I said I would get out my needles and so I have. Here is the follow up!
Firstly, I am not a knitter, but I don't mind admitting that. However when it comes to creative yarns that's not a disadvantage really, because I am not hung up on stitch design, the yarn will do it for me. The other side of the coin is that whilst I know what I want to do with my yarn, working out size has been a challenge. I have fallen in love with swatches, yes the impatient part of me has learnt the benefit of a small square versus pulling out large quantities of knitting.
Finally, having found a needle size I liked, I had to choose how to knit it up. I wanted the beehives to sit on the surface of the cowl (that's what I am making) so this is what I am doing. I cast on stitches and started with a knit row then whenever I came to a beehive I would knit up to the start of it (using up all the fine yarn right to the last stitch possible before the beehive starts) and then I would slip however many stitches it takes to get past the length of the beehive. With this yarn it was either 2 or 3 (sometimes 4). Slipping more stitches rather than less, meant that the beehive would sit firmly against the surface of the knitting. This method does tighten up the knitting and with this in mind I did cast on a few extra stitches at the beginning to compensate.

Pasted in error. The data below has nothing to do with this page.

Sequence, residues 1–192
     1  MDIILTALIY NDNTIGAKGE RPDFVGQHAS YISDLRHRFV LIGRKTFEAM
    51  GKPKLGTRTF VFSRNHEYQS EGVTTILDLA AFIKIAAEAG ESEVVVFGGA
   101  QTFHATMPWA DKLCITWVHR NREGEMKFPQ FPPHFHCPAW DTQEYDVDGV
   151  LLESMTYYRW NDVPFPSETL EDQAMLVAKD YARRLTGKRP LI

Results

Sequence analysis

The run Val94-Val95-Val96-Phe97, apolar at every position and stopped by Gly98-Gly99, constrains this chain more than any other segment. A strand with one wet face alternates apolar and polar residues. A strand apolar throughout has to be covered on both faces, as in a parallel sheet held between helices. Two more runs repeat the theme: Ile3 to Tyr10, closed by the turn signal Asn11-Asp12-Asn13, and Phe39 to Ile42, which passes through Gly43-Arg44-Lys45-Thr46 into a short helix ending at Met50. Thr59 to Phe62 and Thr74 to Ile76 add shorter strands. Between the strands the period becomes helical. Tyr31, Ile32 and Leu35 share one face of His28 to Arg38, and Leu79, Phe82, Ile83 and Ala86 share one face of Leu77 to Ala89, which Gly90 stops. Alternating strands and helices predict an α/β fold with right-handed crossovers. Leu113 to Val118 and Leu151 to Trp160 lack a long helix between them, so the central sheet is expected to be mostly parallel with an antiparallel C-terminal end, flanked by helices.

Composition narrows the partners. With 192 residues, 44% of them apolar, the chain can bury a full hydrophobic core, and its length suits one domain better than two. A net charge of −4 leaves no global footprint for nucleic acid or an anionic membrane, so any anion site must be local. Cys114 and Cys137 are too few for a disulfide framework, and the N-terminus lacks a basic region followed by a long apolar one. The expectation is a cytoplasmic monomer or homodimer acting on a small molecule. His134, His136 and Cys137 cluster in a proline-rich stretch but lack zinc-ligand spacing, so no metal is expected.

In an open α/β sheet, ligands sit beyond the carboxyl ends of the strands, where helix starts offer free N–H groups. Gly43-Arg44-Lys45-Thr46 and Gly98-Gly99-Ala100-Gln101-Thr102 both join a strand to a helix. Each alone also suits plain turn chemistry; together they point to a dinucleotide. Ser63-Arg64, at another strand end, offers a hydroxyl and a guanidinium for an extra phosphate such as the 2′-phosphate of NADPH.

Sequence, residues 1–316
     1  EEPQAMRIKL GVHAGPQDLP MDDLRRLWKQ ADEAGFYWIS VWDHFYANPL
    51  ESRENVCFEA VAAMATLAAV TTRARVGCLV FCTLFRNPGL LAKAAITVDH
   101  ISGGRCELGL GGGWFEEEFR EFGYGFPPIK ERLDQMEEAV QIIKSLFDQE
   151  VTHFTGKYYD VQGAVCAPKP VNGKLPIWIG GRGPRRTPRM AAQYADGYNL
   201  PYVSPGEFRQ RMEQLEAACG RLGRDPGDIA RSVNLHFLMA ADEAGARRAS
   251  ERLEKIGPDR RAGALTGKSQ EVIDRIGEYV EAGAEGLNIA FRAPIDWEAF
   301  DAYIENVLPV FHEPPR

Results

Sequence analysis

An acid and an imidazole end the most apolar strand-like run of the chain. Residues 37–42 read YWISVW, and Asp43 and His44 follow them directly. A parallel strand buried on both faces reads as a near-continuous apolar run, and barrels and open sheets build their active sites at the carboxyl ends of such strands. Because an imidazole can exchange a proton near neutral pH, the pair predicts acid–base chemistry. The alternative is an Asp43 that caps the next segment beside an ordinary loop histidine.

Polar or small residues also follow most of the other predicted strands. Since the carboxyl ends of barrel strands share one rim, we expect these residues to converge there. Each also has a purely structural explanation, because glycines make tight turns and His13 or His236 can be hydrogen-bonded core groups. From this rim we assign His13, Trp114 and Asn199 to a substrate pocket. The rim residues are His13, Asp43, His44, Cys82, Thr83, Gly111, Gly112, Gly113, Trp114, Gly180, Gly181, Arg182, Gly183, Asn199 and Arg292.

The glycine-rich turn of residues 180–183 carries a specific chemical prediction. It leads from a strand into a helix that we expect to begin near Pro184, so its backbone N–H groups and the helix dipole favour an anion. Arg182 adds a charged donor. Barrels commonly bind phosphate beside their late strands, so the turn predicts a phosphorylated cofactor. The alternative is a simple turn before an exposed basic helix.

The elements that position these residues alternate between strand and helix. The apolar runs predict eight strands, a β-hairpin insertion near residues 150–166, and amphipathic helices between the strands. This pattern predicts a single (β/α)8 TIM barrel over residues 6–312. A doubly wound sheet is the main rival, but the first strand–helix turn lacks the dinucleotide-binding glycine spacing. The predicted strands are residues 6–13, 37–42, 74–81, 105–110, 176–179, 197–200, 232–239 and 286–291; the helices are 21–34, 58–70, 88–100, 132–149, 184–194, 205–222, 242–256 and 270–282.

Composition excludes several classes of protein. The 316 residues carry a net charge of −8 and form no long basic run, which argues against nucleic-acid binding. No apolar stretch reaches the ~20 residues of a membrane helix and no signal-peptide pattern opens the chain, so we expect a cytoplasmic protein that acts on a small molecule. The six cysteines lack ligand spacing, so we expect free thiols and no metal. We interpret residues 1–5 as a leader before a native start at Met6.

This is what I have achieved so far and I am really looking forward to the rest. I will keep you posted!
|Really wanted the Beehives on the surface of the knitting, not chopped in half amongst the stitches|
|Here you can see I slipped 4 stitches to get past this big beehive! I wanted it to slit flat against the surface and not sag.|